When I accepted a position with Aviato as a Software Developer, I felt like I had finally come home. Prior to accepting the role, the last several years was an island of one. Rarely working with a team. Occasionally collaborating with another developer. Mostly pushing myself to become better without any real mentorship or guidance. I felt isolated. The isolation was about to change.
Collectively, we all learned from each other and continued becoming stronger and more fluent in our craft.
Being a member of the Aviato Software Development Team was incredible. I met some fantastically smart people. The people you want to be around. They are smarter than you. They are better at their craft than you. They push you to become better. Collectively, we all learned from each other and continued becoming stronger and more fluent in our craft.
Within my first year at Aviato, I influenced our developer life. From the layout of our open office workspace, to starting a regular lunch-n-learn session, to the creation of our now infamous after hours developer challenges1. Life was good.
I had achieved my goal of being able to contribute to the greater vision of our software.
Not long after, I was asked if I would join the Architecture Team. And without hesitation, I emphatically said yes.I felt like I was on top of the world. I had achieved my goal of being able to contribute to the greater vision of our software.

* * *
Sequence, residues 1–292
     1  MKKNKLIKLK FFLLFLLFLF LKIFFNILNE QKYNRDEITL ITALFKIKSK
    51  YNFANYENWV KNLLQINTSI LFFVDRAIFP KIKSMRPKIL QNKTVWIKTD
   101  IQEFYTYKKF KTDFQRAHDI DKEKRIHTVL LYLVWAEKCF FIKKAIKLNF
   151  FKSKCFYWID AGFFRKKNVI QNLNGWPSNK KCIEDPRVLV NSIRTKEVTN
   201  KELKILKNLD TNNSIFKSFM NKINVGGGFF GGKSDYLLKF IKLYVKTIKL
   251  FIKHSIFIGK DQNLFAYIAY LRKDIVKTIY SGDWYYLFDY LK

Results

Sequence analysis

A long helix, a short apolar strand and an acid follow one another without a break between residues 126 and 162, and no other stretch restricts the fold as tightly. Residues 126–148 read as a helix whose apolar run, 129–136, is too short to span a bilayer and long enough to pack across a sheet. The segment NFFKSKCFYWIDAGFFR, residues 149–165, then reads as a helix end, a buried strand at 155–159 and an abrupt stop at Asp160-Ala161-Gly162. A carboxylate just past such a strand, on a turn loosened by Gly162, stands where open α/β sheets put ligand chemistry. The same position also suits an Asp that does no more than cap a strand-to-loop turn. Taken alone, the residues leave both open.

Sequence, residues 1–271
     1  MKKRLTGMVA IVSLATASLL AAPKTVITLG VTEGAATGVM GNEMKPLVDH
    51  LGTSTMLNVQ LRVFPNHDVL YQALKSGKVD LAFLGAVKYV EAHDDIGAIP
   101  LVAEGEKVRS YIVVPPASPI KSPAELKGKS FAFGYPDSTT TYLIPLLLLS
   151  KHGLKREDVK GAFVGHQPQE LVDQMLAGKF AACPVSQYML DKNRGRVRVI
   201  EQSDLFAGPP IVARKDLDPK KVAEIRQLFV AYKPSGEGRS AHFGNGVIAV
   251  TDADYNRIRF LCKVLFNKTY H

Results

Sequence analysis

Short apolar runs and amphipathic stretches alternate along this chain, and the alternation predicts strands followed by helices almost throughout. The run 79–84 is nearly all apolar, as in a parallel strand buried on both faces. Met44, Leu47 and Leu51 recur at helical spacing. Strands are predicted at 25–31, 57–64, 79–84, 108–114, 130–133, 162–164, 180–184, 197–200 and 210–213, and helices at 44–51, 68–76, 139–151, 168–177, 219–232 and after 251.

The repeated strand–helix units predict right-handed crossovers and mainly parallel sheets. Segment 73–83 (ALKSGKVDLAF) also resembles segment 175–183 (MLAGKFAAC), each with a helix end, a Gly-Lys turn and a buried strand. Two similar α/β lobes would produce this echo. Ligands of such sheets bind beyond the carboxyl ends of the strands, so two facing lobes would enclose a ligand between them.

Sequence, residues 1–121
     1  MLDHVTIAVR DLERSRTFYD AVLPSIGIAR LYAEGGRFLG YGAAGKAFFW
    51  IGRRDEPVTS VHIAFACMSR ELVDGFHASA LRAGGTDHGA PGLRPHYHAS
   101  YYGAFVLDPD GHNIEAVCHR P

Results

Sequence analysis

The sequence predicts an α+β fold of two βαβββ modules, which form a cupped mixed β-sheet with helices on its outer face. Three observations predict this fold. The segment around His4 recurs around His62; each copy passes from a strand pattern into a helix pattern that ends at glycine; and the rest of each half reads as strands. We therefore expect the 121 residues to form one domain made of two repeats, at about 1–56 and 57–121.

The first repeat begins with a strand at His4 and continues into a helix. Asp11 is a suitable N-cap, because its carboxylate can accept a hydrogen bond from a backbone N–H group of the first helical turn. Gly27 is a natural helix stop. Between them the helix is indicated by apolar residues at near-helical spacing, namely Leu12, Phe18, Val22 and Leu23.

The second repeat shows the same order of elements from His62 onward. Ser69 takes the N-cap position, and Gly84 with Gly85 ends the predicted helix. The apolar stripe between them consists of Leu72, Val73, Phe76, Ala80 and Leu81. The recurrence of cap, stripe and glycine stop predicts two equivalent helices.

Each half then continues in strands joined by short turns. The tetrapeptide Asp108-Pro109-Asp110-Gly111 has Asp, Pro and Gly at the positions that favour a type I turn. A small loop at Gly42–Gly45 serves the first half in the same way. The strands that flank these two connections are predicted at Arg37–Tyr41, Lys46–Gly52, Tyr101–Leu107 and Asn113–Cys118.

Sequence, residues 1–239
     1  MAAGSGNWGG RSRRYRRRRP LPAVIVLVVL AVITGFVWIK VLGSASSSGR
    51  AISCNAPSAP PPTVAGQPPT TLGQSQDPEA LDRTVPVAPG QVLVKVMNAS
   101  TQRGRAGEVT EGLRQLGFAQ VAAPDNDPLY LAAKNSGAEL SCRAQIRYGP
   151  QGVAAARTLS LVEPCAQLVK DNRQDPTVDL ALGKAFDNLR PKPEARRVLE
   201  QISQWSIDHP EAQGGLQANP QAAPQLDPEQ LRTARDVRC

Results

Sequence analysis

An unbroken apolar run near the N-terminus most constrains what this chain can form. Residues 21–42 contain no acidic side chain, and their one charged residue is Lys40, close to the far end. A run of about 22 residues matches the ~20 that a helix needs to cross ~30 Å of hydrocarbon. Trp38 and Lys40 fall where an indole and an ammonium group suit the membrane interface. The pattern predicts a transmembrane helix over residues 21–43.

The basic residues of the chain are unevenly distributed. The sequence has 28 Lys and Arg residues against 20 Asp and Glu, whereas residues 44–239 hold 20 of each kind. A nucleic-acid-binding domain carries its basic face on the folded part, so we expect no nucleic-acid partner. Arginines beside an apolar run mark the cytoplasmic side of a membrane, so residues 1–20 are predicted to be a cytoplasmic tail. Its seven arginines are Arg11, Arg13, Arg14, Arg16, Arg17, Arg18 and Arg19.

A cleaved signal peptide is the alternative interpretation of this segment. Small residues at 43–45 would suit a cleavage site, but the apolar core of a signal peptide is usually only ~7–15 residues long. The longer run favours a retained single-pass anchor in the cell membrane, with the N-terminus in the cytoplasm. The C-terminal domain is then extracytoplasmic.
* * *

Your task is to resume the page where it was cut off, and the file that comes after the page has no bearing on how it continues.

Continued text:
Fast forward a couple of years and the cracks in the foundation were being uncovered. Three members of our Architecture Team resigned; one of them was the smartest developer I've ever had the opportunity to work with. Three incredibly talented Senior Developers resigned. And at least three (maybe five?) other developers resigned.
All these resignations did not occur at once. They happened slowly over-time. One by one. Just like compound interest, their departures amounted to a substantial amount of technical knowledge debt over time.
Why were all these talented developers leaving?
Why were all these talented developers leaving? In my mind I defended the company. They left because they were outspoken, and when finally given the opportunity they wanted, they were afraid of failing. They left because they didn’t get their way. You name a reason and I was probably thinking it.
I was angry we had lost so many smart developers. I was angry because they were the type of people I wanted to surround myself with and they were all replaced by direct college hires. I was once again feeling isolated; unable to talk through our technical challenges with anyone. We still had some good developers, but, they were nowhere near the caliber of those that had left.
We have a clear leadership problem at Aviato.
Over the course of the next year, I slowly began to realize why my colleagues had resigned. And none were related to what I was thinking. The reality is: We have a clear leadership problem at Aviato2. Once I accepted my realization, my decision to move on was relatively easy.
Many people would say I'm insane for moving on: I would be leaving an organization where I am paid quite well and have considerable influence. Yet, all I can think about is the famous quote: “Insanity is doing the same thing over and over and expecting a different result.”
Are the pastures greener on the other side?
With Joy, Gilfoyle